Anonymous said...

oh hello Gunnar, I actually do know about them, I was trying to ask what if anything you knew about the brand being resurrected again, as you state in the blog post. Have you heard anything about it, will they look the same, etc. . .

best,

mw

Anonymous said...

oh hello Gunnar, I actually do know about them, I was trying to ask what if anything you knew about the brand being resurrected again, as you state in the blog post. Have you heard anything about it, will they look the same, etc. . .

best,

mw

ps I agree about the ugliness of the seat cluster. If the new guy has a chance, he should change to something normal

Gunnar Berg said...

Well, the cluster does gain width for tires.
Quotes from his website 6/8/2010:

"Production of the Heron line of framesets is scheduled to resume soon. They will be built with non-oversized NOS Reynolds butted 531 tubing. Geometries are changing, and the frames will be optimized to more traditional designs.

Optimized clearances, dropout eyelets, and lots of brazed-on fittings allow a relatively wide range of tires, and are fender-, rack-, and accesssory-friendly. We can't find any downsides, yet this is what makes a Heron great for brevets, commuting, road racing, club rides, touring, or just plain fun. It makes you wonder why more builders don't do this."

Anonymous said...

thanks. Honestly, I am sure I would've bought one before except for the wide cluster. I am not especially vain, but I have my limits, apparently.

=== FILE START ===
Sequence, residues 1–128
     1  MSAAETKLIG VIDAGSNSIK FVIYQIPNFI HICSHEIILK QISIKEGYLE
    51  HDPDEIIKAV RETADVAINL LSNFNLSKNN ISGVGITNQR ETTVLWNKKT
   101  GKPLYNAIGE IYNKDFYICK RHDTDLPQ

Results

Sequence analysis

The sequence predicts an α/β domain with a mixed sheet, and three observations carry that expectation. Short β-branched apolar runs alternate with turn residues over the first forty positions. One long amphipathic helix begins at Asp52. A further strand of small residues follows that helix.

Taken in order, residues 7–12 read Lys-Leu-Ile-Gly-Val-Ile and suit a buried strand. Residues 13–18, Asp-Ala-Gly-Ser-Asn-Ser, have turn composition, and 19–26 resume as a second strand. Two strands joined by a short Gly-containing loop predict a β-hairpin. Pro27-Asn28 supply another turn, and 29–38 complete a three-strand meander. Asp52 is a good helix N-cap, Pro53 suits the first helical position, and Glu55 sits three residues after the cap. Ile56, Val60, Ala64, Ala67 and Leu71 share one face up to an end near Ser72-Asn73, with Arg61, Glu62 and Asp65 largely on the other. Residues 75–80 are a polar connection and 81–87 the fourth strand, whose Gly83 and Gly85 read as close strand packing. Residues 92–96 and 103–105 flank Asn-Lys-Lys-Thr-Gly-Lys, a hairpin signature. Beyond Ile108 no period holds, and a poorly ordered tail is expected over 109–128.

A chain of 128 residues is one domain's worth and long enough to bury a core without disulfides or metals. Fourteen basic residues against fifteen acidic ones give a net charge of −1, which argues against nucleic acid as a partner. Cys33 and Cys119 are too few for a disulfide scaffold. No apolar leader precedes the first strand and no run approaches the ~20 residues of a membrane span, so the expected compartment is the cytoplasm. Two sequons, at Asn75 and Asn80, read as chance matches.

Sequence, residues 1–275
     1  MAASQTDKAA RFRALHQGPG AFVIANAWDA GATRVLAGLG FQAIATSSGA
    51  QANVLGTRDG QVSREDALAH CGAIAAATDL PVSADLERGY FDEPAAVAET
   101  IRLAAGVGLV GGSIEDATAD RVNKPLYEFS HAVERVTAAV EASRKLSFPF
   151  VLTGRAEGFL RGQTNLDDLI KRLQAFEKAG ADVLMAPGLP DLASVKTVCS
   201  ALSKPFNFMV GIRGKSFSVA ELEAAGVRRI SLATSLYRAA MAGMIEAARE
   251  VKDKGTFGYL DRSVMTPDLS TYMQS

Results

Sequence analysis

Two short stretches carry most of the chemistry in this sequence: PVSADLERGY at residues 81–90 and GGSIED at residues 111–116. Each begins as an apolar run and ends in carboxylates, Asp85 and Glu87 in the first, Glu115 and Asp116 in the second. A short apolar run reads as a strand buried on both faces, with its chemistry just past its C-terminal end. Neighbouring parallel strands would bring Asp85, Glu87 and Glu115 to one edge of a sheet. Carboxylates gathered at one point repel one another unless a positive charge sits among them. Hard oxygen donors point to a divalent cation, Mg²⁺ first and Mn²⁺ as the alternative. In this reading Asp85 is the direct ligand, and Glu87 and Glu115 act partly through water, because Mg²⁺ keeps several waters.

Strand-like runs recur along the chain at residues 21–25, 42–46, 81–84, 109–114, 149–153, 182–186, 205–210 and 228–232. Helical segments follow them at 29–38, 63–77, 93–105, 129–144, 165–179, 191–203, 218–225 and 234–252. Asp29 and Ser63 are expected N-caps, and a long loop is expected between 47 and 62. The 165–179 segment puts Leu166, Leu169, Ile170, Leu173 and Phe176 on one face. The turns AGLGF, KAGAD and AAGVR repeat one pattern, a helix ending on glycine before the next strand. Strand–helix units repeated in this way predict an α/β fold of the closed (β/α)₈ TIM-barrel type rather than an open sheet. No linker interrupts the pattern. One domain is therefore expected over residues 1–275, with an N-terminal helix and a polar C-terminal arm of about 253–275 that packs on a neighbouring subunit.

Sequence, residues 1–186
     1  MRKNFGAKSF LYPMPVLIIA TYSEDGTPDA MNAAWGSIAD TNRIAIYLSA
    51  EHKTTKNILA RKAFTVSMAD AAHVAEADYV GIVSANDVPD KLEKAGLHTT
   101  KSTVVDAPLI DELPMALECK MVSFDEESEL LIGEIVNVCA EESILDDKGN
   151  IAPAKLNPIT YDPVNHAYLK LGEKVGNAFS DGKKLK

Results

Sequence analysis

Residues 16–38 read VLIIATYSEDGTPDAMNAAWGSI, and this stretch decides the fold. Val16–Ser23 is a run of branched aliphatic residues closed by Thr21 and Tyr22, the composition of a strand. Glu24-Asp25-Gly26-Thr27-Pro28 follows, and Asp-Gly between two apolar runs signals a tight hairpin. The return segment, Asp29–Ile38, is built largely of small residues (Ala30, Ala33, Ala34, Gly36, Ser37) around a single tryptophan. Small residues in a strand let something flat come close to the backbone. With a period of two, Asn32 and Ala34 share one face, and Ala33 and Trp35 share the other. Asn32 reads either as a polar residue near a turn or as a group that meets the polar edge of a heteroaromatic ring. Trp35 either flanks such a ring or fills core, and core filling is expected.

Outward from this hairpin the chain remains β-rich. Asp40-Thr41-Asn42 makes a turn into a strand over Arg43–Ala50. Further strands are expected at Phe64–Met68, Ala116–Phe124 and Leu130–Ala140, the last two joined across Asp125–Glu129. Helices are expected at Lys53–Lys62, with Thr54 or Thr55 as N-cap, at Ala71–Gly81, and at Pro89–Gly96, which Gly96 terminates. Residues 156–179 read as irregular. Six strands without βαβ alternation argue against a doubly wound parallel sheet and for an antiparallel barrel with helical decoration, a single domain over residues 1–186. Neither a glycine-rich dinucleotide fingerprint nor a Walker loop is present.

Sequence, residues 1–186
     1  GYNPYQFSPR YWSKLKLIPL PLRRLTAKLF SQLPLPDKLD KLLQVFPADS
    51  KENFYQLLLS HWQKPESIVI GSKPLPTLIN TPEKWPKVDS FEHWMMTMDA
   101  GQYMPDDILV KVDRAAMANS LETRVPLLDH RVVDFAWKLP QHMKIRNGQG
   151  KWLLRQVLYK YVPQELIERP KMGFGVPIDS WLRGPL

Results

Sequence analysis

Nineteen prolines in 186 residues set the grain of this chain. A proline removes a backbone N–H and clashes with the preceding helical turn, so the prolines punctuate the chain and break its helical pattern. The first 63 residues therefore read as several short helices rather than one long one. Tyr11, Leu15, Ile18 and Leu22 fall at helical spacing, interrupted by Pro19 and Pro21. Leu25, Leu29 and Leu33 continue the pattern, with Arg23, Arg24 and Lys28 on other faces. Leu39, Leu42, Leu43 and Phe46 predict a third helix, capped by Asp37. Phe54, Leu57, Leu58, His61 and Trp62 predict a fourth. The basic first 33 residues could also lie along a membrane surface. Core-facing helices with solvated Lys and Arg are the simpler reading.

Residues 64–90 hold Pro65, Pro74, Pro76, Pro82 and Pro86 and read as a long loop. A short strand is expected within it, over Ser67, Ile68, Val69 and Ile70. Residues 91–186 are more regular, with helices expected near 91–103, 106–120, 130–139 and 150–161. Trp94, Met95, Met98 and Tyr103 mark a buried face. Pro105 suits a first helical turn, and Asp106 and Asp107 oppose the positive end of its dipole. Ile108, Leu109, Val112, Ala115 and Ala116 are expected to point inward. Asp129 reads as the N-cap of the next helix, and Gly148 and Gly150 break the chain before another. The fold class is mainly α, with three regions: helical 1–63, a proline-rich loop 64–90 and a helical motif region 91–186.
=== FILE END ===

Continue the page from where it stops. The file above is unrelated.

mw

Gunnar Berg said...

The seat cluster isn't TOO bad on about a 54cm frame. As they get bigger or smaller there is an angle incongruity. When was the last time you used "incongruity" in a sentence, more or less correctly?

Anonymous said...

incongruity
you know I have a PhD in English Literature
but also the human brain organ shrinks with age, some quicker than others
so there's yer answer

Gunnar Berg said...

Now that is incongruous.

And as you may know, or certainly suspect, I tested out of English. I have not had an English class since 1963, and I pretty much ignored that one. And yet, in a rudimentary way, we can still communicate. ;-)

Anonymous said...

when you get the gray matter shrunk down to fight weight you can plane when you type

mw

Anonymous said...

I am pumped. That bike looks great!


TSC

p.s. and why do I have to be the new guy.

Gunnar Berg said...

mw,
Nicely done. I am amused.

TSC,
Beer and bikes on Saturday.

Anonymous said...

Gunner, In my house, Rule #17 is Rule #1!
Also, I have the bike with the absolutely UGLIEST seat cluster on earth: a 1985 Trek 660. It was designed by a plumber for sure, and someone at Trek must agree because it only lasted in production for one year! On the other hand, this bke rides great, and carried me to several state medals as my time-trial bike in the 1990's, so I'll keep it! -Tony

Gunnar Berg said...

Tony,
Re seat cluster. You obviously haven't seen a Heron up close.